The Taj Mahal in Agra, India, built in 1632 by Shah Jahan for his third wife, Mumtaz Mahal.

9. American trends impact the church around the world.

I was amazed at how familiar many of the services I attended around the world felt. The Chris Tomlin songs might have been in Russian, and the Jesus Culture songs might have been in Portuguese, but everything from the video screens to the lighting to the sermon felt familiar.

A Russian friend told me when he visits churches in the United States it’s like traveling to the future, because he knows what he sees will make it to Russia in a few years. A Brazilian pastor echoed this, saying, “We imitate American culture without much filter, and that goes for Christians as well, so practice, ideas, and theology, good and bad, are assimilated without much reflection. Every trend in the American Church will soon find its way to Brazil.”

10. We all have the same Savior.

At times the church feels so scattered. There are countless denominations, many claiming a monopoly on the true Gospel. Traveling the world and observing just how different we Christians are could have left me jaded, but instead, after spending a couple years getting to know believers around the world, I’ve never felt more connected to the global family of faith.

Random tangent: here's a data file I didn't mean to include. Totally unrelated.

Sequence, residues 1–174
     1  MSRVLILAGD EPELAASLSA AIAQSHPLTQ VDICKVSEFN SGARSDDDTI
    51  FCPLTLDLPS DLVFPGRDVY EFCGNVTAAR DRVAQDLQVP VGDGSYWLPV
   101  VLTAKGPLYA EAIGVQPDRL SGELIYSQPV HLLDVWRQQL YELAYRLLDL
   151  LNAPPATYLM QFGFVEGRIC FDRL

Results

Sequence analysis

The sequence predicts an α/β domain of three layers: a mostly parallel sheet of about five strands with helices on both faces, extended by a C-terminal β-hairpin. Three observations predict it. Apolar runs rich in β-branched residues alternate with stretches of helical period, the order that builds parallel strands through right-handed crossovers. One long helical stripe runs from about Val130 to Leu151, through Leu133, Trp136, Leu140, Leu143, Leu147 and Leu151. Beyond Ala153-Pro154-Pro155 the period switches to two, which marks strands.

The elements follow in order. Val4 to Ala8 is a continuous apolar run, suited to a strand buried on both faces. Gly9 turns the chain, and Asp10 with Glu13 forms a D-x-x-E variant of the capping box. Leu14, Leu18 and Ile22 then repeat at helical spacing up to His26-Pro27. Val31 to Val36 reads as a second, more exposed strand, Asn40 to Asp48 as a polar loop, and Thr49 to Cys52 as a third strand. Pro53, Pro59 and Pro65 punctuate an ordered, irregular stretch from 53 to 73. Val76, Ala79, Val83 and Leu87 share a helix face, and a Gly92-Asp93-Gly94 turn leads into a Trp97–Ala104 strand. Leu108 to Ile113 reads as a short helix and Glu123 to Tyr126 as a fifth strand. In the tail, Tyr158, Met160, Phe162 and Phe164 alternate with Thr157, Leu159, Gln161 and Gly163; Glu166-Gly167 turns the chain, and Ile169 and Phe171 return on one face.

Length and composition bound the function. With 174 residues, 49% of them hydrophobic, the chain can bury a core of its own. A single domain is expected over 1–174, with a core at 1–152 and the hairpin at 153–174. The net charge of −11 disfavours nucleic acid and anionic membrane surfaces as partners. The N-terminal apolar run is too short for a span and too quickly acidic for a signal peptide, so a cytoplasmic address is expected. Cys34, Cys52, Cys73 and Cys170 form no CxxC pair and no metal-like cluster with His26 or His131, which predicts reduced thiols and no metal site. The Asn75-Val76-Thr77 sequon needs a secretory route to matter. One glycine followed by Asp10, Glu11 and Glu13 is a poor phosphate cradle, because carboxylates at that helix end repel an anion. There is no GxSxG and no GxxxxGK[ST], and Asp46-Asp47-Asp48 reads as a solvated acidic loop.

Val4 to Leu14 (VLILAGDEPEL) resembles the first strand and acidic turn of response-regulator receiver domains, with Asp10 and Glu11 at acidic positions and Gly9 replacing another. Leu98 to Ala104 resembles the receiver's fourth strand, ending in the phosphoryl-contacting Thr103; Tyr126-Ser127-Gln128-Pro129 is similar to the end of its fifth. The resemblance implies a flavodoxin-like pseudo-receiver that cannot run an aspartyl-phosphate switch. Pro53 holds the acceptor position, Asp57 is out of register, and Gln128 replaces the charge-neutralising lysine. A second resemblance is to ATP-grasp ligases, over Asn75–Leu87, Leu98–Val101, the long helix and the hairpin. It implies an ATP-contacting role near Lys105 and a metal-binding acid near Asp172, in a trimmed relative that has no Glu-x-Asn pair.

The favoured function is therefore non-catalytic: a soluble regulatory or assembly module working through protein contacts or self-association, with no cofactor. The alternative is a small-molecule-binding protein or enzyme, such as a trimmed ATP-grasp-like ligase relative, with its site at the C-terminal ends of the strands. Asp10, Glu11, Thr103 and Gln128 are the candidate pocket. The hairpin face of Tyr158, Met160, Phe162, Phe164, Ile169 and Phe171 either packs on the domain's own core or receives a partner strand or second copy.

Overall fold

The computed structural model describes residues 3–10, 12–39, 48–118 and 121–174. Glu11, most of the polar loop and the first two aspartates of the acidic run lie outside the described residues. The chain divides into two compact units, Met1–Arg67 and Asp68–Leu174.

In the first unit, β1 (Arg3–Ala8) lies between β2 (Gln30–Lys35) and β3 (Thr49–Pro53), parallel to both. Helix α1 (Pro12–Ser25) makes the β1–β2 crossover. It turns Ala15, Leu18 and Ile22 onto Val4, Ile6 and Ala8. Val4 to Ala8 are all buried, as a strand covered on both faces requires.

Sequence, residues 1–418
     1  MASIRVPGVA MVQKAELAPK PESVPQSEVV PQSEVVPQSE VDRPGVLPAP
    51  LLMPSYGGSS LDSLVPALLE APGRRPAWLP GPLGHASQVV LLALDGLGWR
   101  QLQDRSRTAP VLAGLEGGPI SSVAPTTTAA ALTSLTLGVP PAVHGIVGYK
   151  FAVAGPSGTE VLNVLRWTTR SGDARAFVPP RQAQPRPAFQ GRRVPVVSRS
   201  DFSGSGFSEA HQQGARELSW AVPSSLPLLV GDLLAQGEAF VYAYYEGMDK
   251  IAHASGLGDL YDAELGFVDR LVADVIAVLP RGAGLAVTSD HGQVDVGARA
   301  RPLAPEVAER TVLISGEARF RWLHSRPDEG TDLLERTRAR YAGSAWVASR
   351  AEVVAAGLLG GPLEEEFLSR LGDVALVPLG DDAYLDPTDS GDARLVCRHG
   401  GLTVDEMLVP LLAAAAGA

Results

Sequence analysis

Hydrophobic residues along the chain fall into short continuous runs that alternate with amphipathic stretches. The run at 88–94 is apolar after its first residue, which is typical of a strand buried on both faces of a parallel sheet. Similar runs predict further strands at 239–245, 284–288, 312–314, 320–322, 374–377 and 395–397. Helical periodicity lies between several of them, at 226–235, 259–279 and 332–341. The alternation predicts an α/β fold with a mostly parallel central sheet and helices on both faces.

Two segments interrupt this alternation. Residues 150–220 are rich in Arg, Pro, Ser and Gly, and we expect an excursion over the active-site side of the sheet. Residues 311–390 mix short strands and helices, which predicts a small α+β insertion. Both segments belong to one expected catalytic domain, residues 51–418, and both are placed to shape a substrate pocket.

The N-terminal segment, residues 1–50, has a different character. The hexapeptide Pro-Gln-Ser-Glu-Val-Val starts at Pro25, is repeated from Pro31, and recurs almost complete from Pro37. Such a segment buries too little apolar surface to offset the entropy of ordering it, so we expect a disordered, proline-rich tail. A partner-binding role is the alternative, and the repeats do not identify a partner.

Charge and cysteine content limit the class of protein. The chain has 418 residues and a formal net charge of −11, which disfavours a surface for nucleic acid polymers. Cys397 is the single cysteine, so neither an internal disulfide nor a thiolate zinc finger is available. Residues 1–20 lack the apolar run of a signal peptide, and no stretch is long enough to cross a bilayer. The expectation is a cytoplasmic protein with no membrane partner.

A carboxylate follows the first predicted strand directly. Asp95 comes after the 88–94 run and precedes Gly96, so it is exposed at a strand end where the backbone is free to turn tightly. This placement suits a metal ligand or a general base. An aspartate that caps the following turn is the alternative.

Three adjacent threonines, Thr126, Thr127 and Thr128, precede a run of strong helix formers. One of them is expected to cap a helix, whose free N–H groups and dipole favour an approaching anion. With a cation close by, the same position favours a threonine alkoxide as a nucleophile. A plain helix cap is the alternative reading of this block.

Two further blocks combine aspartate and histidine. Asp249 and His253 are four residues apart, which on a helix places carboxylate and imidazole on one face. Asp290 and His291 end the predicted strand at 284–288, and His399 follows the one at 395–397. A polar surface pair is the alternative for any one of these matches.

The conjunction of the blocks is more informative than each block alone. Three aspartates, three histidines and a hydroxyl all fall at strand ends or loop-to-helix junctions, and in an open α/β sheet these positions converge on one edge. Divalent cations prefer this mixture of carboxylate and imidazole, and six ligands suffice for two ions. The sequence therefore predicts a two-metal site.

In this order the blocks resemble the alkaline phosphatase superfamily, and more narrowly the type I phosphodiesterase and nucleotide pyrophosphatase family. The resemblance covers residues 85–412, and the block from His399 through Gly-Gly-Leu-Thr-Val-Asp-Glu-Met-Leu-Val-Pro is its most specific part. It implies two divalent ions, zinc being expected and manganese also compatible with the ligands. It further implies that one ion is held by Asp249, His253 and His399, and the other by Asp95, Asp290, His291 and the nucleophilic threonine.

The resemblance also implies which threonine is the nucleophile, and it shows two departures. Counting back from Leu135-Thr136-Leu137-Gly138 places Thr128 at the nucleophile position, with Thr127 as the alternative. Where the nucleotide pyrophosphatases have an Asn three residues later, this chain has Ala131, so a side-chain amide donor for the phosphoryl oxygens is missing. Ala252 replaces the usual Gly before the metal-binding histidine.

Ours is an ancient and incredibly diverse faith, and if you’ve only experienced one little corner of it, you’re missing so much. Traveling the world and worshiping the same Savior with believers gave me a broader perspective of Christianity, and I believe it continues to change me for the better.

The Dome of the Rock and the Western Wall of the Temple Mount in Jerusalem, one of the holiest places in Judaism, Christianity, and Islam.
The Dome of the Rock and the Western Wall of the Temple Mount in Jerusalem, one of the holiest places in Judaism, Christianity, and Islam.

The opinions expressed in this piece belong to the author.
Lead image courtesy of Shutterstock. All others courtesy of the author.

Chad Gibbs